Barbara Walter was a force to be reckoned with



Barbara Walter entered the Pearly Gates last Sunday and in front of her were Albert Einstein, Leonardo da Vinci, Gandhi — all the big hitters were there.

Barbara did the respectful nod, maybe even a slight curtsy, to the iconic assemblage and then said, without pause, "Barbara Walter. Coming through."

That's the Barbara Walter I knew. Barbara passed away last Sunday at 79 and, even though she was maybe 5-foot-2, and maybe 100 pounds, she would fill up a room just by walking into it. I first met her and her husband, Bob, 14 years ago to do a column on their dark bay gelding, Cavonnier. Cavonnier would win the Santa Anita Derby that year, finish second by a whisker in the Kentucky Derby, fourth at the Preakness and then scare the beeswax out of everyone by pulling up lame while going down the home stretch at the Belmont.

It wasn't long into that first interview in 1996 that this image occurred to me: Bob was a summer breeze and Barbara was a tornado. Talk about opposites attracting each other. Barbara was the exclamation point to Bob's sentences. Barbara provided the definitive and descriptive extension of any point Bob was making. Two voices, quite disparate apart from each other, interacting without a skip. I thought they would have made a great psychology doctoral thesis.

"Barbara was quite determined to break that Kentucky glass ceiling," said her daughter, Cathy Vicini.

The "Kentucky glass ceiling" was the Kentucky thoroughbred industry. Kentucky horses were the prized horses. Kentucky owners set the bar, and everyone else limboed under it. Pure bloods owned the pure bloods, with the accompanying nose in the air to match, especially when they learned Cavonnier was a gelding, not even good enough to breed. Oh, how that motivated Barbara. Here were the Walters from some hamlet called Sebastopol in Northern California. Don't they grow dope there, the bluebloods snickered, not horses?

Sure, the Walters had a stable. They had their own training track, too. But, compared to Kentucky, they were bit players. A mom-and-pop outfit all the way.

Except for this one thing. Pop was the horse whisperer. Bob knew the animal, loved the animal. He had a way about him, you know, and with people, too.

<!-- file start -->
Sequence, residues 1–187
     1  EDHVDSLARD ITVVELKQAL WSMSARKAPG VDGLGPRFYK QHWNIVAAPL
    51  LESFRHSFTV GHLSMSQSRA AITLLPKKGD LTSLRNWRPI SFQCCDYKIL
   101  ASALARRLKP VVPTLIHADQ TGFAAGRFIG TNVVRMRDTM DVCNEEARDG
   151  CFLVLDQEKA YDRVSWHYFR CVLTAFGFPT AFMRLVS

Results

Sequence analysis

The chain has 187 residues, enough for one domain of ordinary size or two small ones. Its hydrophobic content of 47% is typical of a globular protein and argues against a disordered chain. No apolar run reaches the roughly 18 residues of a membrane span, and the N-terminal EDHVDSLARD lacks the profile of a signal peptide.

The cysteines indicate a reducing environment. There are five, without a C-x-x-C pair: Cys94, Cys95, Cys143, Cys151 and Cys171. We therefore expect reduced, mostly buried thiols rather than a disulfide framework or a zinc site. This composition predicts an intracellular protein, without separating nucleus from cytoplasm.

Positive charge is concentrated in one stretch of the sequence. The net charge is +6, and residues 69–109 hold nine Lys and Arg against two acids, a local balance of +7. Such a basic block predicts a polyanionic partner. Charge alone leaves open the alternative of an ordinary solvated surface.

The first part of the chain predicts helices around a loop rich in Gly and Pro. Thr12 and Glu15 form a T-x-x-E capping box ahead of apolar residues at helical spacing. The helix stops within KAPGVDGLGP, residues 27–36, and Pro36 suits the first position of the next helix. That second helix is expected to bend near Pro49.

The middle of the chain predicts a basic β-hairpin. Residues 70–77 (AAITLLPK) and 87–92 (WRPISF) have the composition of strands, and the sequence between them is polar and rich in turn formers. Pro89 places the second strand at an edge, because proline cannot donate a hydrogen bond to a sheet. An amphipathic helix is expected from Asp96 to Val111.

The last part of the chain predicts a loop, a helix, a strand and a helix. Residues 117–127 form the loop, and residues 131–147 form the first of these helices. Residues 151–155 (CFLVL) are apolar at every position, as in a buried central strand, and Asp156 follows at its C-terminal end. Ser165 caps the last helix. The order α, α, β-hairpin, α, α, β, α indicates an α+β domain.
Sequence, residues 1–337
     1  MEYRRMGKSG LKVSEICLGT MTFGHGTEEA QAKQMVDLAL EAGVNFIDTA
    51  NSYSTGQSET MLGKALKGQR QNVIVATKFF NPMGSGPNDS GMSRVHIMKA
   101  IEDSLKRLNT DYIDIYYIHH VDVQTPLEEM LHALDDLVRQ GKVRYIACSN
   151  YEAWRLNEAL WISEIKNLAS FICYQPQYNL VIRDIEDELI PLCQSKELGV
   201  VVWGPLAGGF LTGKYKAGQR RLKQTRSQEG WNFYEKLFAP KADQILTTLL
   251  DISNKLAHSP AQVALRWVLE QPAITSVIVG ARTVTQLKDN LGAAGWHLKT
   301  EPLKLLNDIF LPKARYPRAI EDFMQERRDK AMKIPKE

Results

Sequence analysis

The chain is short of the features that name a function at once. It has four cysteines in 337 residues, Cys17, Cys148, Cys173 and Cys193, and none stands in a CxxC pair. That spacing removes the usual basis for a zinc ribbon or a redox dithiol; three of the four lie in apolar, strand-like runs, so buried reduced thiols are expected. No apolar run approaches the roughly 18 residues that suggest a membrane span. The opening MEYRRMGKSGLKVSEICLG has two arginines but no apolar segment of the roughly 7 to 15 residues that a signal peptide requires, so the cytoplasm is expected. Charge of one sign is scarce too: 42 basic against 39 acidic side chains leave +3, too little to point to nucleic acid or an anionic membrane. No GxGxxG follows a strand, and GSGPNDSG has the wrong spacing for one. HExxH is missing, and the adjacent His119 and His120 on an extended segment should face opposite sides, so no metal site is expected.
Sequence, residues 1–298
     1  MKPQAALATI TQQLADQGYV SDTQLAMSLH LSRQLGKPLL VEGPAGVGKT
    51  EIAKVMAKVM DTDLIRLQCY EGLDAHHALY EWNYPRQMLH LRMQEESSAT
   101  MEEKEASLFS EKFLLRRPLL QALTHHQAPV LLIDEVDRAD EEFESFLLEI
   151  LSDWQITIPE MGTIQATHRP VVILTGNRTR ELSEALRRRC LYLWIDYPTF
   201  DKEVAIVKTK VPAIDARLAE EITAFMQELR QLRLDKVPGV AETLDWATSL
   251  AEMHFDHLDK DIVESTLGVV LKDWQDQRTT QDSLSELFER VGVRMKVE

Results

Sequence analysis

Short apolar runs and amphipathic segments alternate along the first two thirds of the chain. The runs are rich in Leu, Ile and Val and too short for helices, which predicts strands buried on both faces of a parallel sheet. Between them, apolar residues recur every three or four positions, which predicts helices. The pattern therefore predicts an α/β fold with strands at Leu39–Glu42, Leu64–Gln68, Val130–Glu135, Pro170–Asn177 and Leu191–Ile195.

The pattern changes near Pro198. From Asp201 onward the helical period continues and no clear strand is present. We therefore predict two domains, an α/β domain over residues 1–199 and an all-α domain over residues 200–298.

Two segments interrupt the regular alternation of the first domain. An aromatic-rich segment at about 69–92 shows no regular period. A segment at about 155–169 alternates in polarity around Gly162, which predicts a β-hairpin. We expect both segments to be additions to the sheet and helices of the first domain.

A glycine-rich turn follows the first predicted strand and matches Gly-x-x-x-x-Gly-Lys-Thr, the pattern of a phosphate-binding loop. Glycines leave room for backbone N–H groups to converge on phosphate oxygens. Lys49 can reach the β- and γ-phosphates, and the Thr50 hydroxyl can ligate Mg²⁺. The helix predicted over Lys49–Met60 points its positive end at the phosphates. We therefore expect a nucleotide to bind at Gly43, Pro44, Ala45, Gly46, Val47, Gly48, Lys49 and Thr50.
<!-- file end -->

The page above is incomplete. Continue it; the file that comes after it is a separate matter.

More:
Mom was the sponge that absorbed. She poured over The Racing Forum, breeding charts, books, tablets, essays. Bill Gates didn't look at his first computer program with any less fervor that Barbara over horse stuff. The sponge never was soaked too much. Barbara never thought she learned it all. Even after Cavonnier became the toast of California that year, when The Cavonnier Stakes began in his honor at the Sonoma County Fair, when visitors would ask permission to see him at Vine Hill Ranch, Barbara never stopped pushing.

"The most important thing for Barbara was to be successful," Vicini said.

Whether it was always looking impeccably dressed, using the language correctly, demanding respect even in casual conversation or breeding a horse capable of winning a Triple Crown race, Barbara gave off an unmistakable air — I am the finished product, I am capable, I am ready for anything.

"Intelligent people don't see life as a struggle," Vicini said. "Intelligent people see life as a challenge. And Barbara was highly intelligent."

So when the shooting star by the name of Cavonnier came into her and her husband's life, Barbara responded the same way Cavonnier did when the gates opened to start a race.

"Cavonnier was aggressive, assertive, wanted to be noticed, had to be seen," Vicini said. "He was a thoroughbred all the way."

Cathy, sounds like you just described Barbara as well.

"Yes," Vicini said. "Barbara was a thoroughbred, too."

It was the perfect marriage of horse and owners. Bob supplied the horse sense. Barbara supplied the data, the details, the structure. Cavonnier took it from there.

When Bob died in 2003 at the age of 86, Cavonnier was still there to remind Barbara when all three of them were at their best, running hard, running free on the national stage, taking that sledgehammer to that Kentucky glass ceiling. In looking at Cavonnier after Bob passed, Barbara was seeing Bob, as well.

"And she was seeing herself," said Vicini.

A thoroughbred looking at a thoroughbred. One knew instinctively about the other. One is still left to remind us. For how long? Who can tell?

"Cavonnier is healthy as a horse," Vicini said without cracking a smile.

Cavonnier, now 17, most likely will be moved to an equine retirement farm in Glen Ellen, to spend the rest of his days as he has spent the last 10 years, the alpha horse recognized by all others in his pasture.

One day Cavonnier will enter the Pearly Gates, and Bob and Barbara Walter will be waiting there for him, with Barbara issuing the appropriate greeting to all those watching.

"Cavonnier. Coming through."

For more North Bay sports, go to Bob Padecky's blog at You can reach Staff Columnist at 521-5223 or bob.padecky@press